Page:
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Thursday, June 02, 2011

Eleven Plus Lucky Charms

It is probably time to start serious collecting of all the lucky charms your child may need before the eleven plus examinations. Almost every thinking, reasoning and sensible eleven plus parent will have a `Lucky Eleven Plus List’ by now. Of course it is important to distinguish between a superstition and a lucky charm.

Take, for example, our understanding that a rabbit’ foot is a lucky charm. It is difficult to work out whether the foot is luckier if it is embalmed or if a fresh foot is needed. Think how your friendly super market butcher will respond if you ask for fresh rabbit foot:

“Would you prefer the left or the right foot madam?”

“Would madam please choose between a front foot and a back foot?”

But some parents should not be fobbed off with a hare’s foot. A hare is considered to be unlucky to eat, uncanny and a witch in disguise. Many years ago newborn children, however, were fed on hares’ brains to promote intelligence and physical prowess. (Some eleven plus children may prefer this to their current diet of fish brains.)

A hare’s foot or a rabbit’s foot was supposed to help cramp, rheumatism and bring luck to the holder. When we walk into the major book shops in eleven plus areas there are often displays – even rows - of books and papers. Parents could look for the books with a rabbit’s foot attached. This would mean publishers and the like becoming involved in more than the present rather simple mystique that now surrounds the eleven plus.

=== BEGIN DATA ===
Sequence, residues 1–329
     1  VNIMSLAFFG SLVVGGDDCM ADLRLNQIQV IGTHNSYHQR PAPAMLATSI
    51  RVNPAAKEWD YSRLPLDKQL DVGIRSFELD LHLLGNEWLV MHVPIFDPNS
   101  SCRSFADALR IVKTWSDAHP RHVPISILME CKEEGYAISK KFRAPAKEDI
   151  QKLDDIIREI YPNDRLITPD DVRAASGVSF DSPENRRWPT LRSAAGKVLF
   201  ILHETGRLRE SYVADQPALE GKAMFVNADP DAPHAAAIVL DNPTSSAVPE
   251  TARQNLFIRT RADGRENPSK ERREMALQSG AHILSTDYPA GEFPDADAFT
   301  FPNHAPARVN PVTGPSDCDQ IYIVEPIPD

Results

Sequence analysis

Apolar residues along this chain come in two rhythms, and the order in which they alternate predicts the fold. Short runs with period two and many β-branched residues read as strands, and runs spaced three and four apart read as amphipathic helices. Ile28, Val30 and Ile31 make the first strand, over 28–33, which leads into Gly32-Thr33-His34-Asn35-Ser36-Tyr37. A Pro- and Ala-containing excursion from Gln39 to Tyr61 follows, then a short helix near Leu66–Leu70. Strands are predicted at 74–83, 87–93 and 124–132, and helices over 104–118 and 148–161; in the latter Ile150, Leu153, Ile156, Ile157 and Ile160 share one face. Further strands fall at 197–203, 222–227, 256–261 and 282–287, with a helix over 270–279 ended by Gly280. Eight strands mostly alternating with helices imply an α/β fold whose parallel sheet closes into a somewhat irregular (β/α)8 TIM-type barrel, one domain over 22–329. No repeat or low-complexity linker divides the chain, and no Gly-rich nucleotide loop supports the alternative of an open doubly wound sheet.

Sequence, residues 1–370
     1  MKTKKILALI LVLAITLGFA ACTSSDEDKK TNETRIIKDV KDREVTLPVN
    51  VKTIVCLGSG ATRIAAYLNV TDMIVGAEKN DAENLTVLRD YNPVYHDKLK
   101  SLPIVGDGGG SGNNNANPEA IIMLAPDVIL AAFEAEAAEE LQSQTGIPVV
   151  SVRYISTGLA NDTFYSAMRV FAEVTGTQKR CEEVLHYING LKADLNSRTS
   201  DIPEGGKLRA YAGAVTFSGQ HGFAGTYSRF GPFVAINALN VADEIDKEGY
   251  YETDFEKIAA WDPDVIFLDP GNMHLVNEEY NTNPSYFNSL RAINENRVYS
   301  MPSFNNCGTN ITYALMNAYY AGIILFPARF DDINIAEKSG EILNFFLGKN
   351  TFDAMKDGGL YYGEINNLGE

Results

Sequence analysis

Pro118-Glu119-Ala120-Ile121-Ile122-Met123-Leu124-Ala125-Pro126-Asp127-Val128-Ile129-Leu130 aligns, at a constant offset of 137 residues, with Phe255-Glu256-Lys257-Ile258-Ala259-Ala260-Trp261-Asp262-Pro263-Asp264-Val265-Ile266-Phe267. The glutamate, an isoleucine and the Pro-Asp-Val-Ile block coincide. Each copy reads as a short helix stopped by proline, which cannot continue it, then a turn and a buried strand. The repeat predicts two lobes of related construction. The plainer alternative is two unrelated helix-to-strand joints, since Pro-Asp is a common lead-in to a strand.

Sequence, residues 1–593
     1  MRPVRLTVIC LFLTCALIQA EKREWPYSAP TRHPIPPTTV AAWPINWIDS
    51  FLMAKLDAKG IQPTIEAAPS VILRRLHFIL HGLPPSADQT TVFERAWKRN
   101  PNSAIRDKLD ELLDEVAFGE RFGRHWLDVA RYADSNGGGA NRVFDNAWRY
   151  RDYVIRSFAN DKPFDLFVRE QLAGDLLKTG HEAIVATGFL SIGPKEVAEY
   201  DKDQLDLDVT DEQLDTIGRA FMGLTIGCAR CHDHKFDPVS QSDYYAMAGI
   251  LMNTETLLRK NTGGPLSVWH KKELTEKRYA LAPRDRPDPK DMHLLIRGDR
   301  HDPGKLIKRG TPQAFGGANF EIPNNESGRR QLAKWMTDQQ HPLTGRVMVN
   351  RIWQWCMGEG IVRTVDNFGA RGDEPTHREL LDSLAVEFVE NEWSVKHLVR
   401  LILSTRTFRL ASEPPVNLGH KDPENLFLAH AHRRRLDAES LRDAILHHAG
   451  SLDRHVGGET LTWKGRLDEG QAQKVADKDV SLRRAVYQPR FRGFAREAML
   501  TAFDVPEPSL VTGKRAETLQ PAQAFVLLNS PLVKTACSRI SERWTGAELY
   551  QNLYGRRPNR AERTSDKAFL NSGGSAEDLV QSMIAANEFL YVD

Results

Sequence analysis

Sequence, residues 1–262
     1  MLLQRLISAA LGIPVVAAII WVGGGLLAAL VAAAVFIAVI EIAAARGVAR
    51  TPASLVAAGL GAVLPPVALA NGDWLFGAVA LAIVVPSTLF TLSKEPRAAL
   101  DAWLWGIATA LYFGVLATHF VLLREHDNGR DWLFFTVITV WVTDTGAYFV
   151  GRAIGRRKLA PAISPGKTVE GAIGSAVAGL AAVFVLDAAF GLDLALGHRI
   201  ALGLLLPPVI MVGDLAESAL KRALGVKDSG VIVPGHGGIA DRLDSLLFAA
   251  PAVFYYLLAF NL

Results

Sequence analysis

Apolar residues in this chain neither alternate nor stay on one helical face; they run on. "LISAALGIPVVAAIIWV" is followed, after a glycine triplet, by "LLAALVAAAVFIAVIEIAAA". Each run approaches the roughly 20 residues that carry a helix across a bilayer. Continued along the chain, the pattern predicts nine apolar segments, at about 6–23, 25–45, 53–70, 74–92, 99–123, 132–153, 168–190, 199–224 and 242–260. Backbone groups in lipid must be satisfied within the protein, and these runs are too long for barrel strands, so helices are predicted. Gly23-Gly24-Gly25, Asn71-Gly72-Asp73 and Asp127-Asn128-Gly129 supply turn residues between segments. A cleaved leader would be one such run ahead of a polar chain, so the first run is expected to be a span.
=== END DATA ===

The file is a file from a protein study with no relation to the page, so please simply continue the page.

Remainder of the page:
Think too of the lines of children waiting to go into the examination. A goodly percentage would be clutching their personalised rabbit’s foot.

Parents will look the children and start worrying. Is a white foot luckier than a brown foot? Do children need coloured different feet for verbal reasoning and mathematics? Does the size of a foot count? Parents have so much on their minds – but some children may need a little extra help on the day.

The Day of the Examination

“Do you have your sharp pencils?

Are you carrying your rubber?

Are you wearing your rabbit’s foot?

Right, into the car with you. You are off to your destiny.”

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